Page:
Public health officials continue to remind all involved that the most crucial way to avoid the spread of COVID-19 is frequent hand-washing and to avoid touching one’s face. Make a point to routinely remind those at the event of this fact, while providing longer breaks for frequent hand washing. Additionally, providing bottles of hand sanitizer offer some defence against the virus, but 20 seconds of solid hand washing is still the gold standard.
An issue that could emerge, especially if there is to be a food service, is how sanitation standards are enforced amongst staff. Some countries, namely the United States, have lax requirements for worker health, with employees showing up sick to work being the norm due to economic conditions. In the UK, that is not as much of an issue, but it is still wise to make sure that venue staff have contingency plans in place in case an employee, or multiple employees, suddenly are diagnosed with the virus.
Local Healthcare Providers
Depending on the size of the event in question, it may be advisable to work with the local NHS Trust to provide on-site healthcare providers for diagnosis. If the event is large enough, this is a great idea. A few hundred people would not warrant this sort of action, but a conference of thousands could benefit from having a few nurses running temporal fever scans to provide a measure of safety for the event. Working with local hospitals also makes sure that any who do have symptoms are quickly screened, and if necessary, treated.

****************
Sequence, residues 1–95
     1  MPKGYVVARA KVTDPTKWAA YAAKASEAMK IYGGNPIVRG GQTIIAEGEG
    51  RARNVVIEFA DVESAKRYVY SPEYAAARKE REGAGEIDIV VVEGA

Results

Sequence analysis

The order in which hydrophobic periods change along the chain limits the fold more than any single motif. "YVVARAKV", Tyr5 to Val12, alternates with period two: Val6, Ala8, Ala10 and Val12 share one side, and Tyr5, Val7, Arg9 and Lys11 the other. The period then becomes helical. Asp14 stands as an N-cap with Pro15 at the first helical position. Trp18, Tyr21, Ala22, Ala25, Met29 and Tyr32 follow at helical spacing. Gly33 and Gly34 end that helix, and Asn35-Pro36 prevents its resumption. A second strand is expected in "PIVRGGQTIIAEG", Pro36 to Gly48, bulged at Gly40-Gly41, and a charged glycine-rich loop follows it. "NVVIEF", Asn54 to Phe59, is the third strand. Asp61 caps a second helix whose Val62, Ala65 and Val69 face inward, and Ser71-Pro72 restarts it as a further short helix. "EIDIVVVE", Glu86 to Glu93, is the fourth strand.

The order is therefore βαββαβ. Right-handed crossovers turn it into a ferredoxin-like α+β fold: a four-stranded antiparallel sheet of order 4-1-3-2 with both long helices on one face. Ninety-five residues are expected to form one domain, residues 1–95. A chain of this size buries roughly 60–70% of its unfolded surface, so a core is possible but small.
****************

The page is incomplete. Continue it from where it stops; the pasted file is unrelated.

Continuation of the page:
Feel Free to Discourage
While it may still be advisable to go forward with the event, there are some people who may well do better by simply staying at home. Anyone who has travelled to an infected region, namely China, Iran, South Korea, or Italy, in the past two or three weeks should be asked to stay at home, and instead participate via the internet. Regardless of travel, those who are not feeling well, or who have weakened immune systems, should still be encouraged to stay home, giving them adequate time to recover.